Like the old Chinese saying goes, "Sometimes, a beaver is just a squirrel with big teeth." Don't ask me which Chinese person actually said that because there are a lot of them and I can't be bothered to provide every single detail. The event that reminded me of this popular Chinese rodent-canine maxim was a seemingly innocuous outing to the movie theatre. I saw a flick that had advertised itself as a comedy thriller but turned out to be one that belongs to a niche genre that i often refer to as 'equestrian excreta'.
On one Tuesday that felt a lot like a Thursday, I stumbled upon the answer to one of life's biggest philosophical conundrums. No, not the 'Is Bruce Lee still alive?' question but the other one which is, 'What's going on with the movie world?' And the answer to that is that every movie, despite its nationality and language, is actually the same. I'm well accustomed to three movie industries: Hollywood, Bollywood and Zollywood (that's the collective name I've given for south Indian movies) and I'm going to try and explain here what the differences and similarities of these three 'woods' are.
When it comes to the Hollywood hero, he has impeccable looks; is self-made and well-to-do but not super-rich; finds the time to come up with hilarious one-liners even in the middle of dangerous crises; is often the only man in the world who can save the world.
The Bollywood hero is fair-skinned; has a rich father who doesn't hug him enough; craves true love and has no interest in the dozens of super-hot ladies throwing themselves at him; has no problem crying uncontrollably when delivering moving dialogues; is capable of fighting off at least 8-10 villains single-handedly.
The Zollywood hero is above retirement age but still in his 30s; a misunderstood thug with a heart of gold; has a secret tragic family background (revealed only to the heroine) with one bed-ridden father, one paraplegic brother, two nubile sisters and one mother who cries at the drop of a coin; can jump over buildings; can punch police officers right in the mouth and get away with it; is capable of fighting at least 45-48 villains single-handedly.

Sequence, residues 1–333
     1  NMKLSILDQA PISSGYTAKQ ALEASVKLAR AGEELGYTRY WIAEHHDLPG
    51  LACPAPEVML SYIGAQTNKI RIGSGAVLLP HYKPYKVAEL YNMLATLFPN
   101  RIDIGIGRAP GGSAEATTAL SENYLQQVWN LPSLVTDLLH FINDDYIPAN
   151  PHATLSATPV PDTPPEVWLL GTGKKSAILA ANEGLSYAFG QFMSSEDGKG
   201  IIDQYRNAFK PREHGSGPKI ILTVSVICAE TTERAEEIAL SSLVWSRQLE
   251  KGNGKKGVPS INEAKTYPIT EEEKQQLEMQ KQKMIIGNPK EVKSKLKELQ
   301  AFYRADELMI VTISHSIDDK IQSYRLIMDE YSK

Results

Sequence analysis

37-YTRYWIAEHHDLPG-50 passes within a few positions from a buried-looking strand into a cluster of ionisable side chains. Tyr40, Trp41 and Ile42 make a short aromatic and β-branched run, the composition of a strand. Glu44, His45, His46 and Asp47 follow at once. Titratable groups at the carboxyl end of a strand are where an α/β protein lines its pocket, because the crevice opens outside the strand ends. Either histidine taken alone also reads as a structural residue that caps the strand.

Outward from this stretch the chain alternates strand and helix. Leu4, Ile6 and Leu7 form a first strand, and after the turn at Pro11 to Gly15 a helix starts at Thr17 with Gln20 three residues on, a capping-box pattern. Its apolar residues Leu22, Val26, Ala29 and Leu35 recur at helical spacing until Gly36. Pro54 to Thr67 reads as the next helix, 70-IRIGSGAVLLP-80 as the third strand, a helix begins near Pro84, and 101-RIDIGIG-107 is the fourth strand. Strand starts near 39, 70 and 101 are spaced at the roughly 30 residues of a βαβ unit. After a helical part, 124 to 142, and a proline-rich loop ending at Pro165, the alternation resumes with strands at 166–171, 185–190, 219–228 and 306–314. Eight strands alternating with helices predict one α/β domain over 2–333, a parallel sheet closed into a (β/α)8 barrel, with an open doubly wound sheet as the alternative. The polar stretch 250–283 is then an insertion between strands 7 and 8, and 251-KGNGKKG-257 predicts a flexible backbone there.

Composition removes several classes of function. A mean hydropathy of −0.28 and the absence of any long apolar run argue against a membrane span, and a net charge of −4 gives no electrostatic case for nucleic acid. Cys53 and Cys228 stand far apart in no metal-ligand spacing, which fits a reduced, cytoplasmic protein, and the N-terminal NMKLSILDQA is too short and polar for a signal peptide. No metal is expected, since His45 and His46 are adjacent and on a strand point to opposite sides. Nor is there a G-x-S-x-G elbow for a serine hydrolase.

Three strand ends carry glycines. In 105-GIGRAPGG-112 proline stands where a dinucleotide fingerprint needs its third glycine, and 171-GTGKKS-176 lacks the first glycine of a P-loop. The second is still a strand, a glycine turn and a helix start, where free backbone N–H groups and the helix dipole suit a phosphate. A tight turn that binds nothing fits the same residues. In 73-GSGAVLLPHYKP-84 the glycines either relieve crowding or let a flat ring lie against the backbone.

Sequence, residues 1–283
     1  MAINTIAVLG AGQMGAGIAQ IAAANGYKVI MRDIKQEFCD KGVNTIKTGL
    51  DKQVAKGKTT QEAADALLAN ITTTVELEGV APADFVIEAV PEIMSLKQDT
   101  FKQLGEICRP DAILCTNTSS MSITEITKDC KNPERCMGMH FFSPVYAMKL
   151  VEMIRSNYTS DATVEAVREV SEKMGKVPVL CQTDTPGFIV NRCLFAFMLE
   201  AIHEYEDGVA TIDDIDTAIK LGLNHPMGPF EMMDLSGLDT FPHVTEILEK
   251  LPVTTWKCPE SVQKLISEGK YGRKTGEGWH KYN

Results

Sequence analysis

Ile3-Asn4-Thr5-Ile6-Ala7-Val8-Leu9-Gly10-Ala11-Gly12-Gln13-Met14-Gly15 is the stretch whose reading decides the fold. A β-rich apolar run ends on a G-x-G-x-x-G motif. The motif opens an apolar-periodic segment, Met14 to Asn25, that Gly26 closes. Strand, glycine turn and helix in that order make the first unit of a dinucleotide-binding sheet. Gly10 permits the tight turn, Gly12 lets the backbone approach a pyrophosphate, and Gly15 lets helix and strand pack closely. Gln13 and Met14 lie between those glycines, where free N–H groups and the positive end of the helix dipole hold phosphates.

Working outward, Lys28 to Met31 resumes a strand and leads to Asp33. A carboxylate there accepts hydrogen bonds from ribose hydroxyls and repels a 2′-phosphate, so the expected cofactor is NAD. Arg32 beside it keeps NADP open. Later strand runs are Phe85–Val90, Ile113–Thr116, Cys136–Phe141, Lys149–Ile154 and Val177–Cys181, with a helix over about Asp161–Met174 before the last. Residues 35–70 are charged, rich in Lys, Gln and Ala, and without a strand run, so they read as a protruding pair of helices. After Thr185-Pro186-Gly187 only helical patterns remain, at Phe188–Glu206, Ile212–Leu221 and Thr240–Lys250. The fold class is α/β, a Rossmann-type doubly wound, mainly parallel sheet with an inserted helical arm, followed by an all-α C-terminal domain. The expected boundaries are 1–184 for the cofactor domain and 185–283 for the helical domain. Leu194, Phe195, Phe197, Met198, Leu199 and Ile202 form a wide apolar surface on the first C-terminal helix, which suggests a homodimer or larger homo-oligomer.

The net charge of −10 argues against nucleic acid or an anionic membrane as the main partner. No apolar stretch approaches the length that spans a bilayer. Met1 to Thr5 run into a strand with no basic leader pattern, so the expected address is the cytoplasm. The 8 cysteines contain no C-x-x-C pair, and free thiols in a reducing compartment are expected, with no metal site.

As for heroines, the Hollywood variety is drop-dead gorgeous but still can't find a guy or a job; has totally unattractive best friends; keeps picking fights with the hero throughout the movie but realises she loves him 10 minutes before the movie ends; has impromptu make-out sessions with the hero mostly after arguments.
The Bollywood heroine is drop-dead gorgeous and as kind as Mother Teresa; has an abusive fiance who makes her realise how great the hero is; is extremely innocent but does at least one steamy song where she tries to seduce the hero but he keeps walking away.
And the Zollywood heroine is portrayed by an actress barely out of school; doesn't seem to mind that her grandfather is a few years younger to the hero; is rich and posh but falls for the thug; has a demonic power-hungry father; is extremely innocent but has at least three songs where she tries to explicitly seduce the hero but he keeps walking away.
The Hollywood villain is scorned by society, turned evil for a reason but has a brilliant mind and is just as good-looking as the hero while the Bollywood villain wears a tuxedo, has terribly bad aim when it comes to shooting and has the hots for the heroine. And the Zollywood type has a thick beard, is a rival thug or a high-profile politician and is often played by an unsuccessful Bollywood actor.
The Hollywood story? The girl and the world are in danger. The Bollywood story is that the girl is in danger, and as for Zollywood, the girl and south Indian commoners are in danger.